Conventional optical components from lenses to filters are playing a critical role in modern imaging and display technologies, such as an optical camera's image sensor, the smartphone's display, and precise optical-imaging microscopy. However, there is an ongoing pressure to shrink the size of optical systems. Metasurfaces, which are ultrathin surfaces patterned with nanostructures, provide a new method to control the phase and amplitude of transmitted, reflected, and scattered light. Because of the virtually flat nature of metasurfaces (typical thickness < 100 nm), they can enable novel ultrathin optical components such as flat lenses, waveplates, and holography surfaces over a broad range of the electromagnetic spectrum. However, the optical properties for most metasurfaces are fixed upon their nanofabrication, restricting many real-world applications. Therefore, there is a need to develop a tunable version of an ultrathin metasurface. The first goal of this project is to establish electronically-tunable conducting oxide metasurfaces that could be used for a variety of next-generation imaging and display technologies (e.g. tunable perfect absorber, color filter, beam steering device, etc.). The second goal of this project is to utilize our nanophotonic research and infrastructure to provide two-year technical college students, university undergraduate students, and graduate students with the nanophotonic skills and knowledge necessary for future academic and industrial careers. Furthermore, the project's events with area schools and a local science museum will provide exciting opportunities to introduce nanophotonic concepts to students and the general public in a fun and informative way.

Technical Abstract

Optical metasurfaces are single- or few-layer structures with subwavelength thickness which produce abrupt changes in the phase, amplitude, or polarization of light. They show promise for extraordinary light manipulation and could enable novel ultrathin optical elements such as flat lenses, holograms, and optical vortex generation/detection devices. While metasurfaces hold considerable promise for future fundamental advances and novel optical applications, the lack of efficient optical tunability and low optical efficiency are key limiting issues for their use in a wide range of optical applications. The long range goal of this project is to develop an integrated program of research and education focused on developing efficient nanoscale metasurface components and their applications in meta-devices. The objective of this CAREER research is to establish an efficient and broadband electrical management of the absorptivity, optical phase, and spectral response of conducting oxide metasurfaces under an Epsilon-Near-Zero (ENZ) regime. To achieve this objective, the PI will identify approaches which yield efficient control of the carrier concentration of conducting oxide materials and the ENZ frequency with field-effect tunable metasurface resonance and gradient-index ENZ multilayer via atomic layer deposition. Establishing techniques to efficiently exploit the voltage-tuned ENZ resonance in metasurfaces to manipulate optical responses will enable development of tunable metasurface beam steering devices, color filters, and perfect absorbers, opening the path to revolutionary nano-optical imaging, display, and communication applications. Examples of novel devices that would utilize the technology include high-resolution beam steering devices for next generation visible LIDAR technology, perfect absorbers/spectrum splitting elements for photo/thermal-voltaic applications, tunable color filters/lenses for CMOS optical imaging and cutting-edge smartphone microscopies/spectroscopies, and ultrafast spatial light modulators with nanoscale pixels. The educational objective is to integrate research and classroom activities based on advanced nanophotonic technology for training two-year technical college students, university undergraduate students, and graduate students with the nanophotonic skills and knowledge necessary for future academic and industrial careers.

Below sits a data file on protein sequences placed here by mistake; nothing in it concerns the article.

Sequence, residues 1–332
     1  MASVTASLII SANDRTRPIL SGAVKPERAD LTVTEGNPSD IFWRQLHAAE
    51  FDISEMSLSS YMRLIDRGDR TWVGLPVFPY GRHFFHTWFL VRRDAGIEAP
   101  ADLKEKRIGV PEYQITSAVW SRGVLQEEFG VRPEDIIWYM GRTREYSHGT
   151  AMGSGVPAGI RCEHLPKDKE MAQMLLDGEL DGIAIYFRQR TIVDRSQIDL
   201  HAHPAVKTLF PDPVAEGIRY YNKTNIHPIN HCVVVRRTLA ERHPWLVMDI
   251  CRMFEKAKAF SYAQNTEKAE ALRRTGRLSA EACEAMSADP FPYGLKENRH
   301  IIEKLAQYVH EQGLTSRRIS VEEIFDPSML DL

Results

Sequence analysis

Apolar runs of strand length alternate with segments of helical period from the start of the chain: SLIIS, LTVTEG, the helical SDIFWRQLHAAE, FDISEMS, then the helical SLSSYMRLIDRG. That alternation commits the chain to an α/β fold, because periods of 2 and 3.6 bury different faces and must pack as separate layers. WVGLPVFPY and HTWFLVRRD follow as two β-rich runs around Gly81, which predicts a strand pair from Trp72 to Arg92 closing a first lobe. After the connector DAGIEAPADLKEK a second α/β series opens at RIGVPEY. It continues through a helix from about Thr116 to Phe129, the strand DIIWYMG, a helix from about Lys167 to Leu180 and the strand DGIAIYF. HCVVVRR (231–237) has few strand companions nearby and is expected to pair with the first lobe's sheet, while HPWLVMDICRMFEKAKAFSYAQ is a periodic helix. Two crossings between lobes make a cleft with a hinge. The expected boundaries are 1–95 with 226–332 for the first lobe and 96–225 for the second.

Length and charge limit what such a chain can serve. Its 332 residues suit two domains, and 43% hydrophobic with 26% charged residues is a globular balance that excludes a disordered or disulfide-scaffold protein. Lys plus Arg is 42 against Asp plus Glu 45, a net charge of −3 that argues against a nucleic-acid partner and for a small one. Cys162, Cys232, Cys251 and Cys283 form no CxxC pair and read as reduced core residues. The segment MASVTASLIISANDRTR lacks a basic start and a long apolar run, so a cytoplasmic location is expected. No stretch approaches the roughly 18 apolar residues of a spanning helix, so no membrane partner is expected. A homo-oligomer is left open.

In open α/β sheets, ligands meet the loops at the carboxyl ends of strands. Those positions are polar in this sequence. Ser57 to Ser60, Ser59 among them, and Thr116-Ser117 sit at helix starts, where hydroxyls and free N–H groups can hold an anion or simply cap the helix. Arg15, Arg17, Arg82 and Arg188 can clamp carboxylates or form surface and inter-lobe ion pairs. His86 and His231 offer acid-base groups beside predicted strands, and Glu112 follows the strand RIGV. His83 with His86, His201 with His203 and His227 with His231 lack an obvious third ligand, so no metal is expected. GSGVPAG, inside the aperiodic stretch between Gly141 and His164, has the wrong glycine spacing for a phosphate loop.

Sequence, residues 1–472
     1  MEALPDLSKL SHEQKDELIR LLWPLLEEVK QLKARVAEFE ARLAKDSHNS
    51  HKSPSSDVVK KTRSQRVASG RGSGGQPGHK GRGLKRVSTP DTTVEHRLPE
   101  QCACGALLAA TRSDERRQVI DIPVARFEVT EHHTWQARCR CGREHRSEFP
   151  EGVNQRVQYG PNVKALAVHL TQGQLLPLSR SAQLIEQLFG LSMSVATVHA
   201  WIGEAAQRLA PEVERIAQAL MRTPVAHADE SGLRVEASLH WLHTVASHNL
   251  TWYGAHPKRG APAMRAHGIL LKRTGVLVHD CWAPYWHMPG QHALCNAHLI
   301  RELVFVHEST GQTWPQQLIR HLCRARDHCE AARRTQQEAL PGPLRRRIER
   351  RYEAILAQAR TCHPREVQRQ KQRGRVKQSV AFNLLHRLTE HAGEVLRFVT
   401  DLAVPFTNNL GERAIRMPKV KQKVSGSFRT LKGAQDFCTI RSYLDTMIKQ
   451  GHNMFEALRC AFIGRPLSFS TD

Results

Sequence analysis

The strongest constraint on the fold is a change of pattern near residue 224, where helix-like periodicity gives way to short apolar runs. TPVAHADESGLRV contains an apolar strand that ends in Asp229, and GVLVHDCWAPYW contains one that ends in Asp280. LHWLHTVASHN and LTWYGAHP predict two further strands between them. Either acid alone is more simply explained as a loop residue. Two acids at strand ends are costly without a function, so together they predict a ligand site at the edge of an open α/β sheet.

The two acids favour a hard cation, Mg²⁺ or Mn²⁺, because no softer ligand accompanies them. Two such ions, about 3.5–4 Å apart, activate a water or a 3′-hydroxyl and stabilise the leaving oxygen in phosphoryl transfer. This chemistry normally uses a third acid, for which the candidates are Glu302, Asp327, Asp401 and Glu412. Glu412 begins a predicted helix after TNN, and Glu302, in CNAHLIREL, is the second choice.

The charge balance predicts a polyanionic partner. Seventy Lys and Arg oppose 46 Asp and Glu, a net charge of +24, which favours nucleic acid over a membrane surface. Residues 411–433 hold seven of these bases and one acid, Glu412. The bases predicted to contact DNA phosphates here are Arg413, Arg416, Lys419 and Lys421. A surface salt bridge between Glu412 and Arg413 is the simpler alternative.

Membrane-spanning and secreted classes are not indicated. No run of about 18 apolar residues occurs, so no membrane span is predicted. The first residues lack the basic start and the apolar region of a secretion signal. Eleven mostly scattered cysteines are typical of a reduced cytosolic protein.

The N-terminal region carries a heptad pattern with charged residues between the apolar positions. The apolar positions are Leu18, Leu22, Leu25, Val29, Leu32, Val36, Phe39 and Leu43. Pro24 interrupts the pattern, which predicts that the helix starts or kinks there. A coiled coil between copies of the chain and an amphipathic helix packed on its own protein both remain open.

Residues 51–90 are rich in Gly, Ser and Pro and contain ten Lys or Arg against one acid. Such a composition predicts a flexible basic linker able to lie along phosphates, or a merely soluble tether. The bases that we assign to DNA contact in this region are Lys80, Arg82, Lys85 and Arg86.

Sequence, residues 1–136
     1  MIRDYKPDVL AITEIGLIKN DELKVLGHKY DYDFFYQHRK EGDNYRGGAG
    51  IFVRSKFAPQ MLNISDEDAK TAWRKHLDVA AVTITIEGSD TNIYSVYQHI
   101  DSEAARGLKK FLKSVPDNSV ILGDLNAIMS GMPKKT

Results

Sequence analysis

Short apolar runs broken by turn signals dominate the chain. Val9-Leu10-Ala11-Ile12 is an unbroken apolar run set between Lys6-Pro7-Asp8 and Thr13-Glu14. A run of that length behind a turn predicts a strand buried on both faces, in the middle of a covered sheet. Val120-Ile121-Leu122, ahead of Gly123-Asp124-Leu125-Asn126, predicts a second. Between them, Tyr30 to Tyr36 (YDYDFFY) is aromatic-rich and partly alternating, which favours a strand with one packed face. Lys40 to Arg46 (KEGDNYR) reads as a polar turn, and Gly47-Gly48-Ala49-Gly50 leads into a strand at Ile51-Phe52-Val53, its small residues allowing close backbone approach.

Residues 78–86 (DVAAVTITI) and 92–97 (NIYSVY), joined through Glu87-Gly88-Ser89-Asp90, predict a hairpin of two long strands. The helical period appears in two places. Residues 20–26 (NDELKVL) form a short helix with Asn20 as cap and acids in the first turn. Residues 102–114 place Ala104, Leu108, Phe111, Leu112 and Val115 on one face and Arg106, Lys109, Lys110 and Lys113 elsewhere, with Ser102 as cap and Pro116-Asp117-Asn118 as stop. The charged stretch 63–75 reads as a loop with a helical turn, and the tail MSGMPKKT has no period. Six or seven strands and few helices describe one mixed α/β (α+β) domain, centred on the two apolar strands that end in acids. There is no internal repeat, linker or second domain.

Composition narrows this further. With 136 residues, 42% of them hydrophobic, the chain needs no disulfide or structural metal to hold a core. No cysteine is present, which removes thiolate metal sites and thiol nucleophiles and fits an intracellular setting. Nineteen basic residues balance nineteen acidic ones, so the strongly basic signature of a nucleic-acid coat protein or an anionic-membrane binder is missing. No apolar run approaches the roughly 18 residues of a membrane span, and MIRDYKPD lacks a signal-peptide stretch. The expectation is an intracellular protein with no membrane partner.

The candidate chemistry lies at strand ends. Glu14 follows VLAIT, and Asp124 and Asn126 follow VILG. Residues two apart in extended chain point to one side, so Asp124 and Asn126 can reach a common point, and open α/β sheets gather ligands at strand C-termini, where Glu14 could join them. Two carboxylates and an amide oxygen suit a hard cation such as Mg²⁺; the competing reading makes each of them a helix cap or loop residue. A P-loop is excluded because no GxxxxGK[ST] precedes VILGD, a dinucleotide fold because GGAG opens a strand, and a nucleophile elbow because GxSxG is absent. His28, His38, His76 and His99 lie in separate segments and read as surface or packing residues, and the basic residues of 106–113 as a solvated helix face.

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University of California Irvine
United States
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